|The unicorn killed and brought to the city.|
|The seventh tapestry shows the unicorn captured---but very much alive. Some feel this represents Christ's resurrection.|
How did hunters catch a unicorn? Just like in many a romance novel, apparently all it took was a virgin. According to belief, unicorns are completely smitten by virgins and rendered docile and helpless. In fact, rumor has it many a unicorn met its demise with its head in the lap of a virgin. Which is a sexual metaphor for a very different blog.
|Zampieri's Unicorn and Virgin Fresco.|
Other less Freudian explanations of the unicorn's demise were also popular. For instance, Jewish folktales claim that during Noah’s great flood, the unicorns were so demanding that they were banished from the ship. Other stories claim they were too busy playing to notice the coming rains. When the great flood hit, the unicorns were forced to swim. This has led some to speculate that God changed the unicorns into narwhals so they would not perish.
Around the 19th century, unicorns were retired to folklore and fairy tales. All of the “true unicorns” were thought to have been hunted to extinction for their horns, aka the alicorn. The alicorn had the ability to neutralize poisons and provide immortality for those who drank a potion made from it. Royalty often had their eating utensils made from alicorn to prevent poisoning. Fake alicorns were rampant as they were worth more money than gold. Many actually were horns from bulls or oryx. Queen Elizabeth I owned a unicorn horn in her private collection, but it was later determined to be from a narwhal.
Such horny animal confusion gives support to the belief that the unicorn was indeed a real creature. Some historians believe it originated from sightings of an extinct Eurasian rhinocerus called the Elasmotherium.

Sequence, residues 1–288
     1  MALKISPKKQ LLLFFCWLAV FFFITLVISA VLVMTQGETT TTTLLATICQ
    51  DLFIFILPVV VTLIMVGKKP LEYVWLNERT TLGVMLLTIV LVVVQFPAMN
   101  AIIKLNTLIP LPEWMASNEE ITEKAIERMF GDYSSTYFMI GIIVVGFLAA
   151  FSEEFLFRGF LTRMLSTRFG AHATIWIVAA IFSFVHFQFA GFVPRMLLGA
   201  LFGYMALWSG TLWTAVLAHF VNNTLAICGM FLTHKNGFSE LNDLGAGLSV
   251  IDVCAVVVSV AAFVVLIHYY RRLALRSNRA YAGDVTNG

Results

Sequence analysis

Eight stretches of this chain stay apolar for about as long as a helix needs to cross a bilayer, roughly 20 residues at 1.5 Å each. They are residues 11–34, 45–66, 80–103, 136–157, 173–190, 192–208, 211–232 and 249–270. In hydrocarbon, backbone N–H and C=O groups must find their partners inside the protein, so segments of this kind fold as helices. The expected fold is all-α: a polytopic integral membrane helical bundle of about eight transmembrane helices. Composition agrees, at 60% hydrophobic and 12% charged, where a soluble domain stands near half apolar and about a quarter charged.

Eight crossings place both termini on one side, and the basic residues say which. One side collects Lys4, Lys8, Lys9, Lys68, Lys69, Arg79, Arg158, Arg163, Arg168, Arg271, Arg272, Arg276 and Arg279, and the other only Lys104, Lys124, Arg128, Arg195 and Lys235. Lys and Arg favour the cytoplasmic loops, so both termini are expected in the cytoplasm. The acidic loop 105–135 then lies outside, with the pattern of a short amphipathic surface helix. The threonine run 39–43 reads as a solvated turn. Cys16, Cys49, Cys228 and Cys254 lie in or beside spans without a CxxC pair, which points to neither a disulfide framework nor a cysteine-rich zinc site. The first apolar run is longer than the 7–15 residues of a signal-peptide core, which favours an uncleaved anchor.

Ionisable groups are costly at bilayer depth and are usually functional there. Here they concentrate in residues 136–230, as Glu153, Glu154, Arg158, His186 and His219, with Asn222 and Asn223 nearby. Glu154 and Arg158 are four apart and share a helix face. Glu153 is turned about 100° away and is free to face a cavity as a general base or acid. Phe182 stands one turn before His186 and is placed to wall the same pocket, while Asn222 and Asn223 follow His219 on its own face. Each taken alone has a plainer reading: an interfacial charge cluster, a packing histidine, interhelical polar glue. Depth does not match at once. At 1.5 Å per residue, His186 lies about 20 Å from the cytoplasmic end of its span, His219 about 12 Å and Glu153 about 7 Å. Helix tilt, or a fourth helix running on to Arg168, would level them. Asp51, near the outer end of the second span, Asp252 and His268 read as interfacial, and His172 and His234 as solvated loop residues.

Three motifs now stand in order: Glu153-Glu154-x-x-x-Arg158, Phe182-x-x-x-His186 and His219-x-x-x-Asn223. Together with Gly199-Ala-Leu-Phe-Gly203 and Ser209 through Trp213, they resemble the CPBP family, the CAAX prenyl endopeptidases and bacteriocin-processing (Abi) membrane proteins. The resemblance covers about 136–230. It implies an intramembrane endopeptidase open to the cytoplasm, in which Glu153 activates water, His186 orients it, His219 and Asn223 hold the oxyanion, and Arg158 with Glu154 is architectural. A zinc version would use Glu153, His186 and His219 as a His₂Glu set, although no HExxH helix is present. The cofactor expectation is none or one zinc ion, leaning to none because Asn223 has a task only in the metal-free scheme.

Others blame genetic malformations of normally two horned beasts. The search for a living unicorn has led to some popular hoaxes. In the 1930s, Dr. W. Franklin Dove manipulated a calf’s horn buds to make a bull with a single horn growing from its head. Others repeated the experiment with goats--P.T. Barnum often included these faux unicorns in his sideshows. The most famous one was a goat named Lancelot.
|Unicorn Deer photograph from TIME in 2008.|
|Dr. Dove's creation.|
|Lancelot and unidentified virgin.|
You may never see a true unicorn these days, but if you’re in the mood for a fun recipe, try this one my sons and I came up with for Unicorn Poop. There's a rainbow in every bite.
Melt together 3 TBSP Butter, 10 oz mini marshmellows on the stove or microwave. Add six cups of Fruit Loops cereal and mix off of the heat. With buttered hands, shape into small balls. Dip into white frosting and top with colored sprinkles. If you have a unicorn with some issues, like my sons and I did, sour gummy worms are a nice touch.
"...Well, now that we have seen each other," said the Unicorn, "If you'll believe in me, I'll believe in you."
-- Through the Looking Glass by Lewis Carroll
-- Through the Looking Glass by Lewis Carroll